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Difference between capital or capitol?

capital or capitol

In the English language, “capital” and “capitol” are two terms that often cause confusion due to their similar spelling and pronunciation. However, they carry distinct meanings and uses.

  • Grammar Facts: “Capital” can be used as both a noun and an adjective, depending on the context. As a noun, it often refers to a city that serves as the seat of government, wealth in the form of money or assets, or an uppercase letter. As an adjective, it describes something of utmost importance or relating to wealth. “Capitol,” on the other hand, is always a noun. It specifically refers to a building where a legislative body meets, with the most famous example being the United States Capitol in Washington, D.C.

Quick Facts Table

Part of SpeechNoun, AdjectiveNoun
MeaningSeat of government, wealth, uppercase letterA building where a legislative body meets
UsageBroader, can refer to cities, finances, or lettersSpecific, refers only to buildings

Difference Between “Capital” OR “Capitol

Definition of Capital

Capital refers to a city that serves as the center of government for a country or region, financial assets or wealth, especially those used to start a business or invest, and an uppercase letter in writing.

Definition of Capitol

Capitol is a term used exclusively to describe a building or complex of buildings where a state's legislative body meets. It's most notably used to refer to the Capitol building in Washington, D.C., where the United States Congress meets.

Origin of Capital

The word capital originates from the Latin “capitalis,” which means “of the head,” derived from “caput” (head). This term evolved to signify figurative heads of society or top cities, and by extension, wealth.

Origin of Capitol

Capitol has its roots in the Latin word “Capitolium,” referring to the temple of Jupiter Optimus Maximus on the Capitoline Hill, one of the seven hills of Rome. The term was later adopted to denote buildings housing legislative bodies.


  • Capital is pronounced as /ˈkæp.ɪ.təl/.
  • Capitol is pronounced as /ˈkæp.ɪ.tɒl/.

Comparing Capital and Capitol

The primary difference between capital and capitol lies in their meanings and usage. Capital is a multifaceted term that can refer to a city, wealth, or an uppercase letter, reflecting its broader application in language. Capitol, however, specifically denotes a building where legislators meet, showcasing its narrower scope.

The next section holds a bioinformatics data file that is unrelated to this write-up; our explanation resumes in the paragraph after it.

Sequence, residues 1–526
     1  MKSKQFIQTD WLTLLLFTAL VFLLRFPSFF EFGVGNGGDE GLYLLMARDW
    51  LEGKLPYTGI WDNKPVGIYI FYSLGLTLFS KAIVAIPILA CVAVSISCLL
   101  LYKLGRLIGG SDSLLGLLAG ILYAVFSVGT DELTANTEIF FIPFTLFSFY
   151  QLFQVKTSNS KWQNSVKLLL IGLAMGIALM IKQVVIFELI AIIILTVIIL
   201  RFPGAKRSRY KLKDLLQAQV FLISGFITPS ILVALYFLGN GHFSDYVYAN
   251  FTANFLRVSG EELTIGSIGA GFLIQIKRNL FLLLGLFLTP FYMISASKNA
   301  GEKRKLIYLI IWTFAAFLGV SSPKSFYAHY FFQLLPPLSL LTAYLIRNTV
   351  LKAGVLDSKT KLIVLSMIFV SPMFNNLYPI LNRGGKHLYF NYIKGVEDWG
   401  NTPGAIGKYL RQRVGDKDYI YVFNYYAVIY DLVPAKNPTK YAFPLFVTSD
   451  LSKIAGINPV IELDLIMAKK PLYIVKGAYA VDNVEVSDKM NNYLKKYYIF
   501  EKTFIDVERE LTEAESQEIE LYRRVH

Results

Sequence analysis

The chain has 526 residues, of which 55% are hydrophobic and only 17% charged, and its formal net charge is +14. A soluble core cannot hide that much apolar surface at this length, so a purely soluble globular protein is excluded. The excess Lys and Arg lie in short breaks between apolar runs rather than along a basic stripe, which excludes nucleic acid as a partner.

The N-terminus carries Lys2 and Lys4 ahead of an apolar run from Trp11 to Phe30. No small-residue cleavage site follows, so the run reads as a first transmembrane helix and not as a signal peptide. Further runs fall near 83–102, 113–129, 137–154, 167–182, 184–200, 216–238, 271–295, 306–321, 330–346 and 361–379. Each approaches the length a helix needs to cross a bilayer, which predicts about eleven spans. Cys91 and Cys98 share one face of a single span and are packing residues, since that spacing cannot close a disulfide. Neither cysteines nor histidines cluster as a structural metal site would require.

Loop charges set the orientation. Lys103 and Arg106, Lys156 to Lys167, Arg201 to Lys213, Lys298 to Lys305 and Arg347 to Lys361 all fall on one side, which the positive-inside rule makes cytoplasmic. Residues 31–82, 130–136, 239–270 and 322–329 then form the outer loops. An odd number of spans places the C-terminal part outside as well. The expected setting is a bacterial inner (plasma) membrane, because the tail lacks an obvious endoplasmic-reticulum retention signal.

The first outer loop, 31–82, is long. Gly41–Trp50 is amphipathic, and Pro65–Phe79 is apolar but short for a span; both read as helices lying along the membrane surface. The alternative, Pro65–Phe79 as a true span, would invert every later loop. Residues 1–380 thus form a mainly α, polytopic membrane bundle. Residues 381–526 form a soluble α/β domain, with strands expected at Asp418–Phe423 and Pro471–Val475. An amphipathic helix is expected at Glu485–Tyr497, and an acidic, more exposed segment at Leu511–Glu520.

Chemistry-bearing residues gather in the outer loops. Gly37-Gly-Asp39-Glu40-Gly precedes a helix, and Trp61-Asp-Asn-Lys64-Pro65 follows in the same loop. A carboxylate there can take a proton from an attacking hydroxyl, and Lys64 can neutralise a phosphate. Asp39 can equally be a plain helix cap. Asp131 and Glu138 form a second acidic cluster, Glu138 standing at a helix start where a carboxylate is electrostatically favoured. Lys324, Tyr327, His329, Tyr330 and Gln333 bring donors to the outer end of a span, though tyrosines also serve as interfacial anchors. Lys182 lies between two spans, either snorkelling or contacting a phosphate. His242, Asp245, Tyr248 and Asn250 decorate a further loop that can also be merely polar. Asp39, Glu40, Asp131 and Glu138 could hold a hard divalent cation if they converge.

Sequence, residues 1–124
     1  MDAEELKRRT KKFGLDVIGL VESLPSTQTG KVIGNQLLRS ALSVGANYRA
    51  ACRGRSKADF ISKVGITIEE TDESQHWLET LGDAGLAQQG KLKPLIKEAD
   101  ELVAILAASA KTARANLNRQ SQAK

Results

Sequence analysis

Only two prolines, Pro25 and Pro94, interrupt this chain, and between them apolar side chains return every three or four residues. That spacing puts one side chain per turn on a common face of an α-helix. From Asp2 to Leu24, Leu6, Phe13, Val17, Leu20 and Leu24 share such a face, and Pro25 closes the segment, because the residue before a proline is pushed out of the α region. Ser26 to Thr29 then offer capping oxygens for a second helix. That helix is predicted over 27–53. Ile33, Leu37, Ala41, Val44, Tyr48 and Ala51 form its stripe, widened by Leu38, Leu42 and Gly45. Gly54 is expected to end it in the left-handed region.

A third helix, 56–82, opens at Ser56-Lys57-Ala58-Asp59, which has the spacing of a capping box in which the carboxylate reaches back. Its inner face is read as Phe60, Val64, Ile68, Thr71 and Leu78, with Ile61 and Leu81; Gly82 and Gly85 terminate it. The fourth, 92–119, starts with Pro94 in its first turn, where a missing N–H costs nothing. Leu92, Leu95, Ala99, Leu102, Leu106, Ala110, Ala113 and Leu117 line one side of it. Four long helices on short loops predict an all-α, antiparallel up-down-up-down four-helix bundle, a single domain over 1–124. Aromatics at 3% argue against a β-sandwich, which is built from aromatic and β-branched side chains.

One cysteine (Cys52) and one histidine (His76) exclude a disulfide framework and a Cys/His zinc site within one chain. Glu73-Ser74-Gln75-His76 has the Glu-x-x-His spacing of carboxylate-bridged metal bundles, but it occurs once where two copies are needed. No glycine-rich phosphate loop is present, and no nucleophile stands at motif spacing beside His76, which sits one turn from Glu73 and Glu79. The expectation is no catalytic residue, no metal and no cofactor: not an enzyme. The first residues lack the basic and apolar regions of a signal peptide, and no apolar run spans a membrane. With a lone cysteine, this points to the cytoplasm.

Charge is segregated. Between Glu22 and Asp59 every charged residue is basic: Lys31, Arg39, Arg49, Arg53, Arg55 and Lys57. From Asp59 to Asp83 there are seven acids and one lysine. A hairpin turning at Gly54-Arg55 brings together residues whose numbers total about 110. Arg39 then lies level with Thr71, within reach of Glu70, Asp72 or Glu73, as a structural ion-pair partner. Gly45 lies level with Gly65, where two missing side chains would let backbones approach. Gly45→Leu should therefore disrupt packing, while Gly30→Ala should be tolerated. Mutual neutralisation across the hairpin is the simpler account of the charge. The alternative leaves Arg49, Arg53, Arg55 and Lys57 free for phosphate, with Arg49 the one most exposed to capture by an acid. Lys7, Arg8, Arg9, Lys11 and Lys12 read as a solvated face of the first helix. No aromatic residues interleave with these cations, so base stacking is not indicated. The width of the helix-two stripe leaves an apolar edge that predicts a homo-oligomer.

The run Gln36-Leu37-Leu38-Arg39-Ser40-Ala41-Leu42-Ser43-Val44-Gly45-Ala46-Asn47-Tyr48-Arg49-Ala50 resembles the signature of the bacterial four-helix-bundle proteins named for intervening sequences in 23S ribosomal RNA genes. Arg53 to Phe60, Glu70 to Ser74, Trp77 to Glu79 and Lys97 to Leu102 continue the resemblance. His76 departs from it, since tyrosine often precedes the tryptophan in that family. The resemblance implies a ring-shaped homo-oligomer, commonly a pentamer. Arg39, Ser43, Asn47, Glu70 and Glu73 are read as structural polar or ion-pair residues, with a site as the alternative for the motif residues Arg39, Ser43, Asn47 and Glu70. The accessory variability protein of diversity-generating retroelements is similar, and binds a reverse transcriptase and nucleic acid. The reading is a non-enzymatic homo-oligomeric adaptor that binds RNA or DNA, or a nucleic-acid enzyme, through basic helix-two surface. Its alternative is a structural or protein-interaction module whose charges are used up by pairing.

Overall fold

Comparison Table

UsageRefers to cities, wealth, or lettersRefers to a specific type of building
ContextEconomic, geographical, linguisticPolitical, architectural
FlexibilityCan be used in various contextsUsage is limited to specific contexts

Usage in Sentences with Explanations

Use of Capital in Sentences

  1. Berlin is the capital of Germany. (Refers to a city being the governmental center.)
  2. The company is looking to raise capital for its new project. (Refers to financial assets or funds.)
  3. Please write your name in capital letters. (Refers to uppercase letters in writing.)
  4. Education is of capital importance to our community. (Used as an adjective to denote something of great importance.)
  5. The capital gains tax affects many investors. (Refers to profits from investments.)

Use of Capitol in Sentences

  1. The capitol building houses the state’s legislature. (Refers to the specific building for legislative meetings.)
  2. Tourists often visit the Capitol in Washington, D.C. (Specific reference to the United States Capitol building.)
  3. The governor addressed the public from the steps of the capitol. (Indicates a speech given at a legislative building.)
  4. Renovations to the capitol were completed last year. (Refers to physical updates to a legislative building.)
  5. The capitol complex includes not just the main building but also surrounding offices. (Describes the broader legislative compound.)


While capital and capitol are often confused due to their similar spelling, their meanings are distinctly different. Capital has broader applications, referring to cities, wealth, or uppercase letters, while capitol specifically denotes buildings where legislatures meet. Understanding the context in which each word is used helps clarify their meanings and correct usage.

Commonly Asked Questions

  • What is the difference between “capital” and “capitol”?
    • Capital refers to cities, wealth, or uppercase letters. Capitol specifically refers to legislative buildings.
  • Can “capital” and “capitol” be used interchangeably?
    • No, they cannot be used interchangeably due to their distinct meanings.
  • How can I remember the difference between “capital” and “capitol”?
    • One way to remember is that capitol has an “o,” like the dome of the Capitol building. Capital has an “a” in all its forms, whether referring to a city, wealth, or letters.
Jessica Smith

Jessica Smith

Jessica Smith, writer at, blends creativity with insight, exploring technology, culture, and psychology. With a background in English Literature, she crafts engaging stories inspired by nature and urban life. Outside writing, she enjoys exploring and continuous learning.View Author posts

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